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Romney says same-sex marriage not a winner-loser issue for GOP

FILE: June 21, 2012: GOP presidential candidate Mitt Romney speak in Orlando, Fla.AP

Mitt Romney dismissed the argument Sunday that fellow Republicans are political losers in their opposition to same-sex marriage, amid growing public opinion and recent court rulings in favor of them.

“I don’t know if you have to worry about who wins and who loses a particular fight,” Romney, a former Massachusetts governor and the 2012 GOP presidential nominee, told NBC’s “Meet the Press.” “I think you stand for various principles. You communicate those to the American people, and they either support those or not.”

In recent weeks, federal judges in Oklahoma, Utah and most recently Virginia have struck down bans on same-sex marriage.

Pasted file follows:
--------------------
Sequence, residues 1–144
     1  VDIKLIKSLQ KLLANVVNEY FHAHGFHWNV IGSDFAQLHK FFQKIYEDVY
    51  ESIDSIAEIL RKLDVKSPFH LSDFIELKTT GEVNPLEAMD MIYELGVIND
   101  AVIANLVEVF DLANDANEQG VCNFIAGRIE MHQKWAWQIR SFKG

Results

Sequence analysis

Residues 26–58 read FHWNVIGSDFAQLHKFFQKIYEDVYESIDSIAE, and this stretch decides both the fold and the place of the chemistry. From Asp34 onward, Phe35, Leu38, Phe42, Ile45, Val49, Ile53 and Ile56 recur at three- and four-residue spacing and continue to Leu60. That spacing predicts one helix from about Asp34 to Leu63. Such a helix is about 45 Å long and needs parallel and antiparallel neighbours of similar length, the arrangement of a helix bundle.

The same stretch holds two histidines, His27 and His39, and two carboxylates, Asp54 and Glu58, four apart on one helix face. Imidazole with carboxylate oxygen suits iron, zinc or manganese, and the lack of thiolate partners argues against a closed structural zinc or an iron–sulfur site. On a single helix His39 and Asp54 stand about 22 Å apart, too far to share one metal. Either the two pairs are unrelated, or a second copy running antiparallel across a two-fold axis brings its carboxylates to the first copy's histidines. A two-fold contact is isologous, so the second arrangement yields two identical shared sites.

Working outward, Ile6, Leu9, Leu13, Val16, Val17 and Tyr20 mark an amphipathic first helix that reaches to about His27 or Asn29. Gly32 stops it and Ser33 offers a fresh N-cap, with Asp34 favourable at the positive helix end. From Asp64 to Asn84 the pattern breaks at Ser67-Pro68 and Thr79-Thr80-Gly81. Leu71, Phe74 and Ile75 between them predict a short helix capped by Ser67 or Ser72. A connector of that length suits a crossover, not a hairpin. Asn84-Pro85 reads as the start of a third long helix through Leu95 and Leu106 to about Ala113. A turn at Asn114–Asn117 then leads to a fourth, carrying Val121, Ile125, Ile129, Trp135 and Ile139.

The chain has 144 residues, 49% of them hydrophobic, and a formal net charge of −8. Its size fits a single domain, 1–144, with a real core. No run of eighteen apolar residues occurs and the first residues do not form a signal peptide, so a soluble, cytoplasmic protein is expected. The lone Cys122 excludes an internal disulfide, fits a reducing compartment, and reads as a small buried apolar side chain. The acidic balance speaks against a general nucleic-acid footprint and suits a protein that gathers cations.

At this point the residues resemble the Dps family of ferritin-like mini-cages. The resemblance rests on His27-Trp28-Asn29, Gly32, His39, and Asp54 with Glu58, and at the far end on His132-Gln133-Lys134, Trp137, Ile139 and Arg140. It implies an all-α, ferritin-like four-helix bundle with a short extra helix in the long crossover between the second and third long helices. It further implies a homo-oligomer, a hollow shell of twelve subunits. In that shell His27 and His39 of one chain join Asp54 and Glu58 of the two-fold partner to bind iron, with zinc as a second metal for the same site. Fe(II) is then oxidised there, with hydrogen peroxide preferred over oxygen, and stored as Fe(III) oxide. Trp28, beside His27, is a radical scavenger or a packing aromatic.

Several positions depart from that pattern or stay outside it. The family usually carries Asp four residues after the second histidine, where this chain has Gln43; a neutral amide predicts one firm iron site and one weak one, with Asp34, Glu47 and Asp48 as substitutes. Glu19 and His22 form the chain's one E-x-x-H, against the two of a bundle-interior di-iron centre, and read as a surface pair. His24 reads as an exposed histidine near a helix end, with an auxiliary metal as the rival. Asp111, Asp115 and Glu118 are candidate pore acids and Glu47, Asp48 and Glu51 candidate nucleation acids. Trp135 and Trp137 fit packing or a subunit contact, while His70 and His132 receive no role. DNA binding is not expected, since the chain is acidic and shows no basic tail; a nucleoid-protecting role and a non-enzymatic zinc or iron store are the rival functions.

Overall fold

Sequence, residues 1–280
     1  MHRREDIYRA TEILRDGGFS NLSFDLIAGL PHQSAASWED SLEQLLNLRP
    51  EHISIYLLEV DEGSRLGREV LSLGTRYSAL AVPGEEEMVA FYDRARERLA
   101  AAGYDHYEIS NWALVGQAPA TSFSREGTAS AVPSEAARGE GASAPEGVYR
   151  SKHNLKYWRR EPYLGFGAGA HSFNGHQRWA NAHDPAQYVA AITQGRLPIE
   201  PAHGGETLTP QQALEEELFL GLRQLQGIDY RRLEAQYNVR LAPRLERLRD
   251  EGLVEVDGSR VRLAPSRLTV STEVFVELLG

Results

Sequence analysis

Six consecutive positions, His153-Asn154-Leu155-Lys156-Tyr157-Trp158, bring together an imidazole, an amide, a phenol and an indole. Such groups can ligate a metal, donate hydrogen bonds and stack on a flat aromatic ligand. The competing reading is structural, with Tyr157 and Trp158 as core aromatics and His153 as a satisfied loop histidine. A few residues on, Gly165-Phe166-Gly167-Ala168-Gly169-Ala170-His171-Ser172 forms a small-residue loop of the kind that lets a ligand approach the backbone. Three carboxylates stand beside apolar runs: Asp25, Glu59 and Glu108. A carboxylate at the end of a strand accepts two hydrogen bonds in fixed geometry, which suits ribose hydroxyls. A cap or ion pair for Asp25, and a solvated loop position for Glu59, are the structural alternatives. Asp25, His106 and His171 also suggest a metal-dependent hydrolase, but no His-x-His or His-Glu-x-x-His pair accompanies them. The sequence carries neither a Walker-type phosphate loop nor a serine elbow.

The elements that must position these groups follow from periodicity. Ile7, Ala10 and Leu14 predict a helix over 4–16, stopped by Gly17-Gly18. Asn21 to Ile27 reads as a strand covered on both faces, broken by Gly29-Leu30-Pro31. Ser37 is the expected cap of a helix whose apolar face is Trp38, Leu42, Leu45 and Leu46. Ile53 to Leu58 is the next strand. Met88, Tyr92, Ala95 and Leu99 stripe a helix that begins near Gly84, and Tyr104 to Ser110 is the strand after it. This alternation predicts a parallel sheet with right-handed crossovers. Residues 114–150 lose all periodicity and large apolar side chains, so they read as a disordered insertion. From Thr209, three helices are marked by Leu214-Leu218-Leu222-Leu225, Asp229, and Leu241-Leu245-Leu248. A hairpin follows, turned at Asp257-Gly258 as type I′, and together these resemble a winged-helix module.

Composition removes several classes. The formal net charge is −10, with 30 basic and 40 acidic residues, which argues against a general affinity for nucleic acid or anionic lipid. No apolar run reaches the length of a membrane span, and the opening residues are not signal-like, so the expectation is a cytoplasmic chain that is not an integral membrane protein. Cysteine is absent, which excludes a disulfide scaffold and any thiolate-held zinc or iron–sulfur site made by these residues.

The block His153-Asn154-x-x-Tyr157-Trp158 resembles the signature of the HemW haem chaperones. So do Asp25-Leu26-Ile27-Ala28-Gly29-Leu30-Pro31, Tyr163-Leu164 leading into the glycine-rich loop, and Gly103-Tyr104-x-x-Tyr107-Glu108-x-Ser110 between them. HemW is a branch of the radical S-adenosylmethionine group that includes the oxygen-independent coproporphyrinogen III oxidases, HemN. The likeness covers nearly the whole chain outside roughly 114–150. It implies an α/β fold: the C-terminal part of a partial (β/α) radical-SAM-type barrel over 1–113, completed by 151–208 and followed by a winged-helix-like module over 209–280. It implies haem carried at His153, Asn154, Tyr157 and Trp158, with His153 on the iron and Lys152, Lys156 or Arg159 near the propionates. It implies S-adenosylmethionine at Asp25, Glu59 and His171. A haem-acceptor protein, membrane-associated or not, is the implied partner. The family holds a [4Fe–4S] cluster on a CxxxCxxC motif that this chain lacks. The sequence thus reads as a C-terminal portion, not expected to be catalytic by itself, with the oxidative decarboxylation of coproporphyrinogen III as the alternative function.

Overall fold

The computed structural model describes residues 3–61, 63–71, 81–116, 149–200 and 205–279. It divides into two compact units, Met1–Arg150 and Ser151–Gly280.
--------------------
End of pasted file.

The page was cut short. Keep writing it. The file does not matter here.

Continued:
The decisions follow a Supreme Court opinion in June 2013 that the Defense of Marriage Act's ban on federal benefits for legally married gay couples was unconstitutional and appears to set the stage for a return to the high court.

In addition, more than half of the U.S. population has since 2011 said the law should recognize same-sex marriage.

Ten years ago, Massachusetts became the first state to approve same-sex marriage, over Romney’s opposition as governor. Now, 17 states and the District of Columbia allow them.

Romney told NBC that if gay couples want to live together, then “that’s their right.” However, he remained steadfast that marriage should be defined as a relationship between a man and woman.

“And I think the ideal setting for raising a child is in a setting where there’s a father and a mother,” he said. “There are many other different settings that children are raised in. And people have the right to live their life as they want to. But I think marriage should be defined in the way that it’s been defined for several thousand years.”

He said learning the impact of such marriages will happen “over generations” and that Americans, not courts, should decide the issue.

 

 

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